Wood block printing is a laborious ‘relief’ process necessitating a ‘struggle with a base, ubiquitous material’(1). More akin to sculpture than other printing techniques it involves a ‘counter-gestural’(2) removal of material that will not be printed. 

Through gauging and chiselling away at a wooden block a mirrored positive is revealed. This binary process of positive or negative does not allow for tonal nuance nor is the process forgiving. One mistaken cut and the wood is removed; it cannot be replaced or repaired. The carver must either incorporate the mistake, accepting it will be negatively reproduced in every print, or abandon the block and begin again. 

Woodcut’s material humility and its association with ‘non-elite messaging’(3) has a long history, originating as a technique in 206 BC China. It only reached Europe in the early 13th century, arriving in Italy along with the introduction of paper. By the end of the 13th century the technique had spread to Burgundy, and by the end of the 14th to Germany. 

This relatively cheap and accessible method of reproduction went on to define the German Renaissance. The dissemination of printed images, accompanied by developments in moveable type printing (also originating in China), meant information could be spread quickly through different layers of society. The Church was quick to realise the advantages and commissioned a wide range of scenes from the Bible. These scenes were extensively reproduced for the purposes of instruction but also sold as ‘indulgences’; a process through which exceptions to the laws could be granted and eternal salvation essentially purchased.(4)

Martin Luther’s widely disseminated pamphlet entitled ‘Passional Christi und Antichristi’ published in 1521 in Wittenberg featuring 13 pairs of woodcuts by Lucas Cranach The Elder, was a direct response to the Church’s hypocrisy, depicting scenes from the life of Jesus in direct contrast to the corrupt life of Pope Leo X. The combination of woodcut images and type allowed for the engagement of both illiterate and educated classes in the Reformation.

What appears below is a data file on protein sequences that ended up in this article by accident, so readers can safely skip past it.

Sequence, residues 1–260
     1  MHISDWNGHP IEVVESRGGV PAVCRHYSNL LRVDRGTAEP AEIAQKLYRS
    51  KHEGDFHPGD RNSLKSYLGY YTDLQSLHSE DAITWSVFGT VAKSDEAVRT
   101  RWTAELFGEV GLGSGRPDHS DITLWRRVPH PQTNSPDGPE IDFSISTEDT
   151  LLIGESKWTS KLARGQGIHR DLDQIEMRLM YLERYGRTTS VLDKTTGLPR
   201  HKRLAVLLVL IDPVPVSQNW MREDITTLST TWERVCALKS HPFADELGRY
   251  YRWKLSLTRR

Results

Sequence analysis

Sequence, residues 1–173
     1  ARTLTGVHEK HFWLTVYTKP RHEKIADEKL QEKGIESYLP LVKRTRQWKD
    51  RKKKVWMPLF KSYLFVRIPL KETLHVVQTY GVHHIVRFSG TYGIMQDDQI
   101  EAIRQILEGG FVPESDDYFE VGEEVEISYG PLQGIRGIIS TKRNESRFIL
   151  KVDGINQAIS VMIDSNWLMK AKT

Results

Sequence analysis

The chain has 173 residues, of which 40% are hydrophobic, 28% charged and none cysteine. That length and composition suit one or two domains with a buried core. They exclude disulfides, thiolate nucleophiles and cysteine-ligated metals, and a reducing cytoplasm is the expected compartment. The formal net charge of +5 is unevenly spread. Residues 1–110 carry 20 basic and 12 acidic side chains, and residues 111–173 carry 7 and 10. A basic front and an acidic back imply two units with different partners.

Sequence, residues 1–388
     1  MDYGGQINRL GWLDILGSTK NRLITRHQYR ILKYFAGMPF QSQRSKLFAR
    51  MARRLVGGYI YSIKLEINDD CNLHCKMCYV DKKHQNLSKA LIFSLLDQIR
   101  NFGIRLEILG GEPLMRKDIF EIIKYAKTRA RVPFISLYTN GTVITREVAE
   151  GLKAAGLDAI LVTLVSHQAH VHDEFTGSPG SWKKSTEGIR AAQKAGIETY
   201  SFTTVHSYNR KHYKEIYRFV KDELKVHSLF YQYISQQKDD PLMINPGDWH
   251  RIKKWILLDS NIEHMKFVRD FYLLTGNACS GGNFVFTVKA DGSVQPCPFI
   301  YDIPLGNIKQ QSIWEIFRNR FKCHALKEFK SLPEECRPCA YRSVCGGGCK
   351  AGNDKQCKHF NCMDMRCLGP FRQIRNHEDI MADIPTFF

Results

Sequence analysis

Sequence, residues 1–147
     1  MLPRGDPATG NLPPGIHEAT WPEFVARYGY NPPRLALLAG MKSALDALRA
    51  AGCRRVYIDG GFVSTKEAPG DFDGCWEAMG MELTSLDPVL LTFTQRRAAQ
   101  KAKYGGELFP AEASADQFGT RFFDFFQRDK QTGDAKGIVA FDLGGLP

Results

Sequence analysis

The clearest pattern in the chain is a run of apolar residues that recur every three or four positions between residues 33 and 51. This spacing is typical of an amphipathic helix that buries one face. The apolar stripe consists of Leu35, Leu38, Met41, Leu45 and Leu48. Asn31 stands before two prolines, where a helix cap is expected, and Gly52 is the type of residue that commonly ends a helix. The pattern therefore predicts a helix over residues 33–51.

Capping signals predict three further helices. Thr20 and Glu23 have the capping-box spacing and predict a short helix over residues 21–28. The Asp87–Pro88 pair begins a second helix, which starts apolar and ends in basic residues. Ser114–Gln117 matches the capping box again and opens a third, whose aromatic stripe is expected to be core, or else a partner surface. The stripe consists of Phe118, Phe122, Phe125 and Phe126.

Traditionally there was a clear division of labour between the artist who designed a print and the craftsperson or ‘block-cutter’ who produced the woodblock.(5) This enabled artists to produce prints and widely circulate their work without having to train in the craft of woodcarving. 

The woodblocks and prints in the gallery were written and designed by Kasia Fudakowski between the 23rd and 29th of May and carved and printed by Kasia Fudakowski, with the indispensable assistance of Ida Lennartsson, Miguel Angel Reyes Benz, Harry Haddon, Henry Babbage, Islamiya Evans, Will Evans, Kristin Löschert, Ewa Oledzka, Philipp Modersohn and Anna Szaflarski over the two week period leading up to the 21st of June. 

Kasia Fudakowski, 2020

All photos: Trevor Lloyd

(1) Christopher P. Heuer, Libri Vagatorum and the Arts of Difficulty, essay from Andrea Büttner’s catalogue The Book of Vagabonds: The mendicant Order, Verlag der Buchhandlung Walter König. 2020

(2) Ibid.

(3)  Ibid.

(4) Master Prints in 15th-Century Germany: Emergence and Development, G. Kislykh.

(5) Introduction To A History Of Woodcut, Volume II. Arthur M. Hind. Dover Publications, Inc. New York. 1963.